A little less than two weeks ago I raced my first stand alone half marathon. The first time I had raced 13.1 miles without first swimming and cycling beforehand. There was a lot I learned both during that race, as well as in the lead up to that race. The majority of that came from my first training block based solely on running power. Here’s what I learned:

1. Most people run at a more variable power than you think

This one surprised me. In the transition from basing my tri air on pace to passing it on power I learned a lot about holding consistent power over different terrain. I knew I needed to back off on the uphill and push it on the down hills to keep the same power. What I didn’t realize is how variable most people are when it comes to power.

I train on fairly flat terrain here in Eastern North Carolina. My race was more towards the central part of the state and was described as “rolling.” At one point a man I was running along side simply looked over at me and said “up and down, up and down!” I noticed so much in this race how, when I would hold a steady power over the hills, so many people would pass me going up, and then I would pass them right back going down. And I was towards the front of the race where you would expect the more experienced pacers to be.

2. Consistent Effort is King

The focus on consistent power is all about effort. A variable effort wears you down more. Cyclists and triathletes who train with power on the bike probably have heard of the metric called “Variability Index” or VI. The VI tells you how variable your effort is. So if the workout is multiple 400m repeats, it will be highly variable. If it is 90 minutes at Tempo, it will be less variable.

In a race situation, keeping a consistent effort allows you to have more gas in the tank at the end. This race was probably my best paced race ever. At the 5 mile mark I picked up the pace (power) slightly and then again at the 10 mile mark. That last 5k was focused on a consistent uptick in pace ever mile or half mile. That last half mile was all uphill until the final .1 where I gunned it to the finish. I am not sure how many people I passed in that final 5k, but It felt good to finish with a strong kick and not have anything left in the tank when I crossed that line!

3. Run Downhill!

I mentioned this before, but taking it easy on the downhill makes no sense. It is harder on your quads. You spend energy braking yourself. You miss the advantage gravity give you!

I stated before that I passed so many people on the down hill. If you look at my power file, I also never got up to my goal power on those down hills either. I simply opened my stride and let gravity do it’s thing. Next time you are in a race, Run down the hills!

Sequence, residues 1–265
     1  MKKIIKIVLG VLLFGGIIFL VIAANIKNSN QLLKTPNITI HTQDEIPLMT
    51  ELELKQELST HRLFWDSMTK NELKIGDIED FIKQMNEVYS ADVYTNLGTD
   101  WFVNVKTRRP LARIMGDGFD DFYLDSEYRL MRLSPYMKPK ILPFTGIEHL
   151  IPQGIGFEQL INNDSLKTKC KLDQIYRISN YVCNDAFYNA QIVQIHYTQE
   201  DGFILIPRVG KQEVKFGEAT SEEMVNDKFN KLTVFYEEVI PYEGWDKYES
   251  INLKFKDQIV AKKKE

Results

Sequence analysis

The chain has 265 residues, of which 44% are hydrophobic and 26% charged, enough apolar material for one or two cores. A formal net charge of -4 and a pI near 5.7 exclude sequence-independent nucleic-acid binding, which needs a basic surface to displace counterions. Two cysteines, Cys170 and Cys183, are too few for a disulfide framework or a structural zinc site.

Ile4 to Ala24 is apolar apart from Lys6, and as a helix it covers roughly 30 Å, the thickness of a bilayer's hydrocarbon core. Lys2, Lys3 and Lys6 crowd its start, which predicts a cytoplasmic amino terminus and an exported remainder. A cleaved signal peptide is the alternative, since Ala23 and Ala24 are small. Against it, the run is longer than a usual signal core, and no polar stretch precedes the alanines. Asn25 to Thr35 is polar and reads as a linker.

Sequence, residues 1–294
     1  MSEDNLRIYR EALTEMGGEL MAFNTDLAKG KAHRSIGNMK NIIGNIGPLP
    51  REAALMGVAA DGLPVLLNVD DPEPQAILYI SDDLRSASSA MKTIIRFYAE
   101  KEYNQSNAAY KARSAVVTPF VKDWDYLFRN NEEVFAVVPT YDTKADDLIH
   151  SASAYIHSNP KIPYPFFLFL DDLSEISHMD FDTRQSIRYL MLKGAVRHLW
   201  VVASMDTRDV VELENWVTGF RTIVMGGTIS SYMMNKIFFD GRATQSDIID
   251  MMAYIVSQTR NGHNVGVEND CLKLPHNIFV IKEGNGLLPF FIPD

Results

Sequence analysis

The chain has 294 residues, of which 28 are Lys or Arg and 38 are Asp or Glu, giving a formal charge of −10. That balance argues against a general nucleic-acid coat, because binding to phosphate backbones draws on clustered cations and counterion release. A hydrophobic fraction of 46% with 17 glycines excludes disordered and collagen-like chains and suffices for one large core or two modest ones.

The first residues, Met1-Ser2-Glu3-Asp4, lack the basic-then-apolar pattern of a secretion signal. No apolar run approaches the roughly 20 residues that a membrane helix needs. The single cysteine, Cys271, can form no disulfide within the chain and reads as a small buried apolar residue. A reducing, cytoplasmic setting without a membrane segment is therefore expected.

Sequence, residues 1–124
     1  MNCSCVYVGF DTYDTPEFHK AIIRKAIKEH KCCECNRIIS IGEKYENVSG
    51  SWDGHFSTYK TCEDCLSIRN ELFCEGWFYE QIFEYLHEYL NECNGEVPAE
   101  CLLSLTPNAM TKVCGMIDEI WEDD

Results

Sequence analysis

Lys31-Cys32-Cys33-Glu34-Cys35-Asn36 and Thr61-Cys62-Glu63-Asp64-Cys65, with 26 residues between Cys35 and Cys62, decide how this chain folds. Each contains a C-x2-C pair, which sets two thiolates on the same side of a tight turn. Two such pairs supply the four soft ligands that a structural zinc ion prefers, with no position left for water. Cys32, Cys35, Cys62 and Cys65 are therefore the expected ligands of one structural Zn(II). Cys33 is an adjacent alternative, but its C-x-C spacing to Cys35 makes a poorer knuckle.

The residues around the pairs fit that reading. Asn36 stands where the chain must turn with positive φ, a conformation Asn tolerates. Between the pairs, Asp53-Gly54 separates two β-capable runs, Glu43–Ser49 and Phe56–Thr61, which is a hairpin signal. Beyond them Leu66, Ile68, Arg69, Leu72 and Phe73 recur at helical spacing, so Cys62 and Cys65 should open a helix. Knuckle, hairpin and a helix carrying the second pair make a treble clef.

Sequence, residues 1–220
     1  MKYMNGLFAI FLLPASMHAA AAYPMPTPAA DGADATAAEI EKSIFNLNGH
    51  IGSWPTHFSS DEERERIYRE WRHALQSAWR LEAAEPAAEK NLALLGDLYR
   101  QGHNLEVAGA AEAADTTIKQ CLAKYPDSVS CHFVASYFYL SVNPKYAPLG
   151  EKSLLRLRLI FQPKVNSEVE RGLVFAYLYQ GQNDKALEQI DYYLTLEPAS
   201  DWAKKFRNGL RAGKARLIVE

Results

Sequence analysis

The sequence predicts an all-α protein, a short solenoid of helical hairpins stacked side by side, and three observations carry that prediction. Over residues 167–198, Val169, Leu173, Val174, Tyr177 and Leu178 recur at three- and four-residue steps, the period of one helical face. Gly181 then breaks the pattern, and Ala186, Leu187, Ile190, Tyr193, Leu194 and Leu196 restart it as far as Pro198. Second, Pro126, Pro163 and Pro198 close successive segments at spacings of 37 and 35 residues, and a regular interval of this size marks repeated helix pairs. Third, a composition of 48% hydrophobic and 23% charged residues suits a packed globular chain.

4. Train top end speed

This was more from the lead up to the event, but I spent a lot of time working on my top end speed. Speed drills, VO2max drills, miles repeats, you name it, I did it. These all are at the opposite end of the effort spectrum from where I was racing, but they improved my economy. The better your efficiency, the faster you run. Which leads me to my last point:

5. You’re faster than you think you are

This was eye-opening to me. I finished with an average pace of right around 7:30/mile. With that as an average for 13.1 miles that just blew my mind. I had paced shorter legs of a triathlon much slower than that before. I’m sure part of it was the top end speed work I did, but I believe part of it was the mental disconnect between power and pace. I had tri and without ever looking at pace. I raced without ever looking at my pace. I just held the watts because I knew I could. In the end, I was faster than I had ever run for such a long distance.

I think some of us, my self included obviously, keep a mental tab on how fast we are going and when it reaches a certain point our brains tell us to slow down for fear of imploding. This is really discussed in detail in Matt Fitzgerald’s book “How Bad Do You Want It?” There is a huge mental side to suffering during a race. When I took my mind off the speed numbers and put them on a power number, suddenly holding that pace felt easier. It allowed me to dig deeper and unleash more of my potential.

Going into this next season I am looking forward to training with power and I’ll keep sharing the lessons I learn along the way. If you don’t want to miss any of them, make sure you sign up to get my posts sent directly to your email! You’ll also get a FREE 5k or sprint triathlon training plan, and you’ll be the first to get my new Half Marathon POWER training plan!